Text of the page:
Once moisture enters into an archival storage space, it is important that it be promptly and properly removed before mold begins to grow. Mold is a likely result of water intrusion to record storage areas because the environment tends to sustain elevated moisture conditions. Typically, in such archival spaces there is reduced airflow due to the need to maintain proper thermal conditioning within the space, as well as the tight packing of shelving and materials on the shelves that may restrict air circulation, creating pockets of stagnation and dank areas. In addition, as such archival areas are often located in the basement of buildings, they can be susceptible to flooding from ground or surface water. Consequently, water contaminated records and other materials tend to stay wet for longer periods of time, thereby providing a highly desirable condition for mold growth and propagation.


A. Record Deterioration

There are both short term and long term consequences of mold contamination. As stated above, with the right environmental condition, mold can use paper as a food source. According to Barclay Ogden, Head of the Library-Preservation for the University of California-Berkeley, mold will attack the coating on the paper as they are sometimes comprised of starchy material. It may also try to digest the cellulose which are the fibers of which the paper is comprised. The ultimate consequence is the digestion and disintegration of the document. However, this digestion is a relatively slow process and assuming that the document was a favorable food source for the mold and the maintenance of moist conditions, document break down could occur in the span of a year. The more immediate consequences of the contamination is staining or even loss of text. The process of fungi digestion employs certain enzymes. A byproduct of that digestive process has color which can result in significant staining to the document and the obfuscation of the text. In addition, where printing is only attached to the surface coating, short-term mold contamination can result in the loss of text.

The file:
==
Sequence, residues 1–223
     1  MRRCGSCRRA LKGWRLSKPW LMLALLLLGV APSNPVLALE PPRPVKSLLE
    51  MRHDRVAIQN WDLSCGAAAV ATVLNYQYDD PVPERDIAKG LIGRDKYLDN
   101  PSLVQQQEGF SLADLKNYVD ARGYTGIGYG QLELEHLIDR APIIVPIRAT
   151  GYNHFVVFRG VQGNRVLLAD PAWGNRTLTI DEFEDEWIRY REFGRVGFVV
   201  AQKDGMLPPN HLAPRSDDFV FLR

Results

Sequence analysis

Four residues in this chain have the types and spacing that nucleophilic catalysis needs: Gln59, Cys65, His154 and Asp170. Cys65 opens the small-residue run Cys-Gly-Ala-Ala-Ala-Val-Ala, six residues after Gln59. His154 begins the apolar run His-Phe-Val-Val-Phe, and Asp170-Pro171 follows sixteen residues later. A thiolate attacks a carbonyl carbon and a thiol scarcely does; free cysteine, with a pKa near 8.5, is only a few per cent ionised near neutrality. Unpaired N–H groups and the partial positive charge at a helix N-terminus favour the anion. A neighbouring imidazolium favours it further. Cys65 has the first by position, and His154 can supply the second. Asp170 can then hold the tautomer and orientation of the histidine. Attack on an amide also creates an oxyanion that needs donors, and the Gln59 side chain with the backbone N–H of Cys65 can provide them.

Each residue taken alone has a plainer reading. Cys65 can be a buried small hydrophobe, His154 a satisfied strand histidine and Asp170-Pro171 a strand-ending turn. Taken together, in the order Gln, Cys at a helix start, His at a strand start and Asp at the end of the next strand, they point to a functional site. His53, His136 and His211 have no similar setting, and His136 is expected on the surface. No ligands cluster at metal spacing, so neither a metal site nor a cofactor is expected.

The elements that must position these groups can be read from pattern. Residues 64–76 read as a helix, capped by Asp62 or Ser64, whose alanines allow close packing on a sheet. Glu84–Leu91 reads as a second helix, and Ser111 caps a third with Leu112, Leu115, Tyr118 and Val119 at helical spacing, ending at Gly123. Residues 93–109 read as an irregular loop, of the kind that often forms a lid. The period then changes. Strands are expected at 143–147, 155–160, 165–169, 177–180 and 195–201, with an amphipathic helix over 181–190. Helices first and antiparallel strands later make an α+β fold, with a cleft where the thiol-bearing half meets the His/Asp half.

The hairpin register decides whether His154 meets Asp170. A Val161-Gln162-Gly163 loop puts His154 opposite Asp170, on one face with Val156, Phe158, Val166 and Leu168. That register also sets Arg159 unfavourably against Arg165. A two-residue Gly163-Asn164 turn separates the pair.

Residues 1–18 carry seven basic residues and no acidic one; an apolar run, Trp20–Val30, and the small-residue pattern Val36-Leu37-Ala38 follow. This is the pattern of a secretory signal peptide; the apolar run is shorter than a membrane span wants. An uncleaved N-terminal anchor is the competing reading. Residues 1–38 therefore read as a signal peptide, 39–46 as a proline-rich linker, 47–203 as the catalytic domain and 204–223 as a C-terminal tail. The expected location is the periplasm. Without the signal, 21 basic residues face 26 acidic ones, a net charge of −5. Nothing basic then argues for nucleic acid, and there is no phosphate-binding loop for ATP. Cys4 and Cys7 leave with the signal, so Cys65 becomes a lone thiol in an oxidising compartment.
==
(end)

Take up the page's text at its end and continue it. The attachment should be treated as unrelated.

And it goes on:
B. Liability for Personal Injury